“A rising tide lifts all boats.”

Jack Kemp understood that economic growth was the key to human flourishing. This is achieved with an institutional framework that provides economic opportunities for people across the income spectrum. This happens best in free market capitalism. Socialism, on the other hand, fails everyone.

The Bureau of Labor Statistics (BLS) recently released a report profiling the working poor. The BLS defines the working poor as “people who spent at least 27 weeks in the labor force (that is, working or looking for work) but whose incomes still fell below the official poverty level.”

While the working poor may start their careers poor, that doesn’t mean they will stay there. In fact, free market capitalism allows for people to move up the income ladder.

On the other hand, socialism is an expansion of government to control the levers of economic activity. This institutional framework distorts market activity by picking winners and losers, restricting labor market activity, and limiting opportunities for people to reach their full potential. The result is failure.

Yet these principles are at work in certain areas of the U.S. economy, such as health care and education, and far more extensively in places that practice more expansive socialism like in Venezuela.

It’s worth repeating the wise mantra of Larry Kudlow, who is currently the Director of the National Economic Council under President Trump: “Free market capitalism is the best path to prosperity.”

In the U.S. where capitalism has been practiced more than most countries, per capita GDP has increased from about $2,500 in 1776 to about $57,000 today in dollars adjusted for inflation. Capitalism trumps poverty, which is why the U.S. and states need more of it.

A cornerstone of capitalism is private property rights, supported by limited government. The Texas Model protects these more than most states by limiting government barriers so Texans have more chances to prosper. But the Texas Model has more to do to remove these barriers.

To ensure that the Texas Model is improved, the 86th Texas Legislature should take steps to reduce the burden of government in our lives.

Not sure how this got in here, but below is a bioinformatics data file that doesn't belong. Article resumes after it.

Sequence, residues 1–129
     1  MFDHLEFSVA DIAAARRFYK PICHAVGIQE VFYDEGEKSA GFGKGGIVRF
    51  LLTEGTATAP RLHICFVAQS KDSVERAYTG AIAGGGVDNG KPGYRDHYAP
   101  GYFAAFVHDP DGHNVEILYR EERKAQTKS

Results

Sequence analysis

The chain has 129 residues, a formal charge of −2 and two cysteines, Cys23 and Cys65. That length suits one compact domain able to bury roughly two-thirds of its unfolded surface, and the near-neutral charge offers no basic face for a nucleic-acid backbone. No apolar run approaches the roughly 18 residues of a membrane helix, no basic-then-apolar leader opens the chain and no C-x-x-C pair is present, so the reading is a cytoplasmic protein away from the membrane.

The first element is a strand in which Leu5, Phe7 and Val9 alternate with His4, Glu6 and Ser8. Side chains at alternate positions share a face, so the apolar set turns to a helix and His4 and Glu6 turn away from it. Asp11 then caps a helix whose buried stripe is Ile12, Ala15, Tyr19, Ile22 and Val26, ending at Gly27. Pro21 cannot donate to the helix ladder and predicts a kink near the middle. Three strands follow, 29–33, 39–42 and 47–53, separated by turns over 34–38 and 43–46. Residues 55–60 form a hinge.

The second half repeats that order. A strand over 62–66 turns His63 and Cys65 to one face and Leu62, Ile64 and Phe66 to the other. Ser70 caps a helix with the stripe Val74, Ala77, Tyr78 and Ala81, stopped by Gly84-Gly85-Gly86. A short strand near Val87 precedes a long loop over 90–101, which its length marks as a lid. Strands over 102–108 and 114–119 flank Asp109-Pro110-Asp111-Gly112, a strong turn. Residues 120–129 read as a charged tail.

A way to do this is to keep government spending and thus taxes to just funding limited government. Fortunately, economic growth hasn’t been handicapped by a state income tax, which would be detrimental to a robust economy. But an egregious income tax has been replaced by an almost equally egregious property tax, which has grown at an excessively rapid annual average of 5.8 percent pace over the last 20 years.

This skyrocketing tax burden has prevented many of the working poor from purchasing a home, which is normally the largest purchase for a family. It has also raised the working poor’s rent, which hinders them from purchasing one of the most basic items on Maslow’s hierarchy of needs: shelter.

While the Legislature has had a beneficial debate about limiting the growth in property tax revenue, the ultimate remedy would be to eliminate property taxes.

This could be achieved by immediately swapping school districts’ maintenance and operations property taxes with sales taxes. This swap could be done by reforming the state sales tax by broadening the sales tax base to make the sales tax system more efficient and to keep the rate from going above 10 percent.

Other options include buying down school districts’ property taxes with sales taxes or fiscal restraint. Regardless, government spending and tax revenue growth must be limited to sustain lasting tax relief.

Another barrier to keeping the working poor from prosperity has been occupational licensing.

These licensing barriers have resulted in labor shortages, which has artificially inflated wages by 15 percent in certain professions. And these licenses have cost Americans an estimated 2.85 million jobs and $203 billion in economic output, which comes at the detriment of the working poor.

There should be reform of occupational licensing in Texas. This includes continuing to review licenses as often as possible to determine which ones don’t sustain the health, safety, and welfare of Texans. When these are found, they should be eliminated. That’s exactly what the Sunset Commission staff report recommended about the Board of Professional Geoscientists, but the Sunset Commission kept it alive. And legislation is making its way through the process that may continue the Board even though there’s no good reason for its existence.

Another reform that would be incredibly beneficial to incoming Texans would be full license reciprocity, something that has already been implemented for many licenses in Arizona. License reciprocity would ensure that those who have already been licensed in another state would be given the ability to work immediately without worry of having to obtain a license in Texas before they can earn a living.

The working poor can achieve prosperity through the Texas Model that’s built primarily on free market capitalism. But the Texas and federal governments must further limit government to practice more capitalism so that the evil tentacles of socialism don’t choke the real engine of an economy—people’s freedom to act.

This is the best way to raise the working poor out of poverty and allow civil society to return to its proper role as an efficient means of helping others, rather than forcefully redistributing resources through government.